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Third Circuit Troubled by Courtroom Shackling of Prisoners

The Third Circuit Court of Appeals expressed concern about shackling prisoners during a civil jury trial. However, the court concluded that any error was harmless, given a cautionary jury instruction.

Anthony Sides was a prisoner at Pennsylvania's SCI Greene Correctional Facility, when he argued with guard James Cherry on April 20, 2002. Cherry entered Side's cell and assaulted him, causing chronic neck pain. After the attack, guards denied him medical attention for one month.

Sides brought federal suit against Cherry and several other guards and the case proceeded to trial. Throughout the trial, Sides was restrained in handcuffs and shackles and a jury returned a verdict for Defendants.

The Third Circuit recognized that the Supreme Court has instructed that "because shackling during trial is an 'inherently prejudicial practice,' it 'should be permitted only where justified by an essential state interest specific to each trial.'" Joining the Second, Seventh, Eighth and Ninth Circuits, the Court agreed "that requiring a party in a civil trial to appear in shackles 'may well deprive him of due process unless the restraints are necessary."'

Although "the district court may rely 'heavily' on advice from court security officers," the Third Circuit instructed that "it 'bears the ultimate responsibility' of determining what restraints are necessary,' and 'may not delegate the decision to shackle an inmate to the marshals.'" Delegation of the shackling decision to court security officers is an abuse of discretion.

While the lower court "adopted the Deputy Marshal's advice," it was only a recommendation, the Court found. As such, the district judge did not abuse his discretion by delegating its authority to the Marshal.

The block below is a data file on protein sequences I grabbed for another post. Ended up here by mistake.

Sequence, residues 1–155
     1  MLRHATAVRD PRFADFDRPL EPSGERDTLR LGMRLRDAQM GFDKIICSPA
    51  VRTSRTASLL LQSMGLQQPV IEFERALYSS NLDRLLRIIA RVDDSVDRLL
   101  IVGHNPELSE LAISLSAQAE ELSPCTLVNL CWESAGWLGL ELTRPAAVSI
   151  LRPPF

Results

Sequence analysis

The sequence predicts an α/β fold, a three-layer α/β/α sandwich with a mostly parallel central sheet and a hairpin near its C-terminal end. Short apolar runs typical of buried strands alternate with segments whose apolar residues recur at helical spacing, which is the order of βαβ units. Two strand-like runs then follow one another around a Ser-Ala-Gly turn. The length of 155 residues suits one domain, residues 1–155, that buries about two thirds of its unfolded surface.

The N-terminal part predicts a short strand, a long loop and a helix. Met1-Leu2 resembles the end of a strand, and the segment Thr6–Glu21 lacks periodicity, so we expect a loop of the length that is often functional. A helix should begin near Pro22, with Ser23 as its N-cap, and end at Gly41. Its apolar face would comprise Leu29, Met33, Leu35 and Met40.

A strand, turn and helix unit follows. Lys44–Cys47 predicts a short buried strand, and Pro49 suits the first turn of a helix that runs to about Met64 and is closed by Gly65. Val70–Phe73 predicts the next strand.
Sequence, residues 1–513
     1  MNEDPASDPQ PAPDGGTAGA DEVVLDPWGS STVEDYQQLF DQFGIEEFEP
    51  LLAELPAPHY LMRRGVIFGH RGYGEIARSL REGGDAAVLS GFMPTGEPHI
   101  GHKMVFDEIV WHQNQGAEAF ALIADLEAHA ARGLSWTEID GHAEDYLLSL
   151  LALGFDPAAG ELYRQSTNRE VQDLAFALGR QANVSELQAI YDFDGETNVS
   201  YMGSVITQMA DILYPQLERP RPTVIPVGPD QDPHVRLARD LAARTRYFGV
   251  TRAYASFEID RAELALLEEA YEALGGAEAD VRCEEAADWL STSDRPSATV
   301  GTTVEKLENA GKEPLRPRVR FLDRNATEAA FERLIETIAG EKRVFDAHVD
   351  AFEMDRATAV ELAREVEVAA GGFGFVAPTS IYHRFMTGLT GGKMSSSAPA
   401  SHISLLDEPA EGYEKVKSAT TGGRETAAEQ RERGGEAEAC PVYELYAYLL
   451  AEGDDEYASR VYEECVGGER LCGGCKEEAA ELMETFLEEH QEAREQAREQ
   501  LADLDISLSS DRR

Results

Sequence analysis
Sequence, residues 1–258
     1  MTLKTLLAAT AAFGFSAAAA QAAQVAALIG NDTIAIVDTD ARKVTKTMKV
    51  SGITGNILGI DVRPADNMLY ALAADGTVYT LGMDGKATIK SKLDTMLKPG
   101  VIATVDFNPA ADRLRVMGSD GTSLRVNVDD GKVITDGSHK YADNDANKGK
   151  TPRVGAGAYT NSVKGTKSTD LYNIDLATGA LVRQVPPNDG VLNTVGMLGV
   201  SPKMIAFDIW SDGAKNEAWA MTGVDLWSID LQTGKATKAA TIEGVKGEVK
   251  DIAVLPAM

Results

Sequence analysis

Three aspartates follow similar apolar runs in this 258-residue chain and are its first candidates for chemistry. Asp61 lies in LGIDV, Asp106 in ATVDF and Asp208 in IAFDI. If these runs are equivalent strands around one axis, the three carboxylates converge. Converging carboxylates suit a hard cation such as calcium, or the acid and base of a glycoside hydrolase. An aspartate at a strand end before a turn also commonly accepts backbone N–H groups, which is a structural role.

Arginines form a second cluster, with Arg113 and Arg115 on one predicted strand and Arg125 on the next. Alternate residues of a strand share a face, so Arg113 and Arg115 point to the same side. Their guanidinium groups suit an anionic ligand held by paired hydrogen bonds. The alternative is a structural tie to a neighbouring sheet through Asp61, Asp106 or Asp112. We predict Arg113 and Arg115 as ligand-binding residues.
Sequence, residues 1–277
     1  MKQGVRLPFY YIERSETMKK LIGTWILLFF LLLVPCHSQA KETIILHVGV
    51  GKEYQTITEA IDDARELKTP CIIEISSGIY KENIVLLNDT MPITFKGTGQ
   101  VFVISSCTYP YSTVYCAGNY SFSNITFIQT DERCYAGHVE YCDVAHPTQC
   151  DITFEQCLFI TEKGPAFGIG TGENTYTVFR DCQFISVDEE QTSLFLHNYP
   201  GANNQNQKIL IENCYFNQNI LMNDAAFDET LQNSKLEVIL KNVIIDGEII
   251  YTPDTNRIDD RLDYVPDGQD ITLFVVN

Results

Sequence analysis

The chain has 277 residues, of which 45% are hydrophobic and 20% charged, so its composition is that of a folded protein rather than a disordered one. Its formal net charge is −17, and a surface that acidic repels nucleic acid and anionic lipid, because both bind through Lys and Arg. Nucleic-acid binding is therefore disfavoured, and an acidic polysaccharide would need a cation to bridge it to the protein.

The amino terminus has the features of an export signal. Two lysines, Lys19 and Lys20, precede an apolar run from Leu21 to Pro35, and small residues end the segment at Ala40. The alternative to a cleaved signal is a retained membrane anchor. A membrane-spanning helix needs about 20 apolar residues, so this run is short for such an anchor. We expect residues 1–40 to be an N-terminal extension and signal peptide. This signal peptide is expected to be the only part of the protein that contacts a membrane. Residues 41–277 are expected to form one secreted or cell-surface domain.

Still, the Court was troubled that "the District Judge's inquiry . . . was limited to an ex parte communication with the Deputy Marshal," because it was impossible to know the full basis of the recommendation that was disclosed to the judge. "To the extent that the District Judge chose to defer to the Deputy Marshal's recommendation," it "should have done so on the record… allowing Sides an opportunity to challenge the rationale for that recommendation."

It was also unclear "whether the District Judge simply accepted the Deputy Marshal's recommendation without… balancing the need for physical restraints against potential prejudice to (Sides) in determining whether, and to what extent, physical restraints were required."

The Court was disturbed "that Sides testified while wearing handcuffs and leg irons, despite the reminder of Sides' counsel… to the Court of its prior direction to dispense with shackling during his testimony." As such, "where a district court has found certain preventive measures advisable to reduce the prejudice to a prisoner-plaintiff who is restrained during trial," the court instructed that "it should make every effort to ensure that those measures are actually (and consistently) applied."

Despite these deficiencies, the court determined that any error was harmless because the cautionary jury instruction the court gave "cured any prejudice to Sides. Not only did the Court direct the jury to disregard the restraints and decide the case 'based… solely on the evidence,' it sought to dispel any assumption on the jury's part that Sides was restrained because he was a dangerous person (by instructing that the restraints were `standard policy' for all inmates)."

Even so, the Third Circuit stressed, as other Circuits have, that it does "not endorse a general policy of parading inmate civil plaintiffs or their witnesses before the jury in shackles." Rather, "before ordering a prisoner-party or witness shackled at trial, district courts should hold a proceeding that allows the parties to offer argument bearing on the need for restraints as well as the extent of the restraints deemed necessary (if any)," the Court held. "Where genuine and material factual disputes bearing on these questions exist, courts need to conduct an evidentiary hearing to resolve them. They should weigh the need for restraints against the potential for prejudice, and impose no greater restraints than necessary to secure the courtroom. Finally, courts should take all practical measures, including cautionary instruction, to minimize the prejudice resulting from a party appearing in physical restraints." See: Sides v. Cherry, 609 F.3d 576 (3rd Cir, 2010).

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Related legal case

Sides v. Cherry